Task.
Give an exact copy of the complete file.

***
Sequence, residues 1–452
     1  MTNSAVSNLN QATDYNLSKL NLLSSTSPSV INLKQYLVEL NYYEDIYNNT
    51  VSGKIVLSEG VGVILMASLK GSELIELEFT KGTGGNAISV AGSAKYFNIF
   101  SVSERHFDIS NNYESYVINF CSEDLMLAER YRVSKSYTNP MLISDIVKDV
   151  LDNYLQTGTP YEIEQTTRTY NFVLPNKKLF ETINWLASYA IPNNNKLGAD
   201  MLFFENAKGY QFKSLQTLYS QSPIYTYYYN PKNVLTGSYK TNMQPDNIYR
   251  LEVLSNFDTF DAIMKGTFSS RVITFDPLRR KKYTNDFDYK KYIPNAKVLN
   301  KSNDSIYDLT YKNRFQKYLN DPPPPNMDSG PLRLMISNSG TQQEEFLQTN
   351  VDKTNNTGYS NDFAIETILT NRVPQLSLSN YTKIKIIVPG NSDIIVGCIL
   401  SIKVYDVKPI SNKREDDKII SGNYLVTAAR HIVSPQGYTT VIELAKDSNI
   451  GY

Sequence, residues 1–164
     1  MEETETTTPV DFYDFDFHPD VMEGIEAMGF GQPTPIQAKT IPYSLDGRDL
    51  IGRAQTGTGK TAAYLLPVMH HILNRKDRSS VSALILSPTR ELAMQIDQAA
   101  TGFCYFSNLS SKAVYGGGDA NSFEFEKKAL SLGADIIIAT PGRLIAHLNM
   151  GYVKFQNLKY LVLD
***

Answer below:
Sequence, residues 1–452
     1  MTNSAVSNLN QATDYNLSKL NLLSSTSPSV INLKQYLVEL NYYEDIYNNT
    51  VSGKIVLSEG VGVILMASLK GSELIELEFT KGTGGNAISV AGSAKYFNIF
   101  SVSERHFDIS NNYESYVINF CSEDLMLAER YRVSKSYTNP MLISDIVKDV
   151  LDNYLQTGTP YEIEQTTRTY NFVLPNKKLF ETINWLASYA IPNNNKLGAD
   201  MLFFENAKGY QFKSLQTLYS QSPIYTYYYN PKNVLTGSYK TNMQPDNIYR
   251  LEVLSNFDTF DAIMKGTFSS RVITFDPLRR KKYTNDFDYK KYIPNAKVLN
   301  KSNDSIYDLT YKNRFQKYLN DPPPPNMDSG PLRLMISNSG TQQEEFLQTN
   351  VDKTNNTGYS NDFAIETILT NRVPQLSLSN YTKIKIIVPG NSDIIVGCIL
   401  SIKVYDVKPI SNKREDDKII SGNYLVTAAR HIVSPQGYTT VIELAKDSNI
   451  GY

Sequence, residues 1–164
     1  MEETETTTPV DFYDFDFHPD VMEGIEAMGF GQPTPIQAKT IPYSLDGRDL
    51  IGRAQTGTGK TAAYLLPVMH HILNRKDRSS VSALILSPTR ELAMQIDQAA
   101  TGFCYFSNLS SKAVYGGGDA NSFEFEKKAL SLGADIIIAT PGRLIAHLNM
   151  GYVKFQNLKY LVLD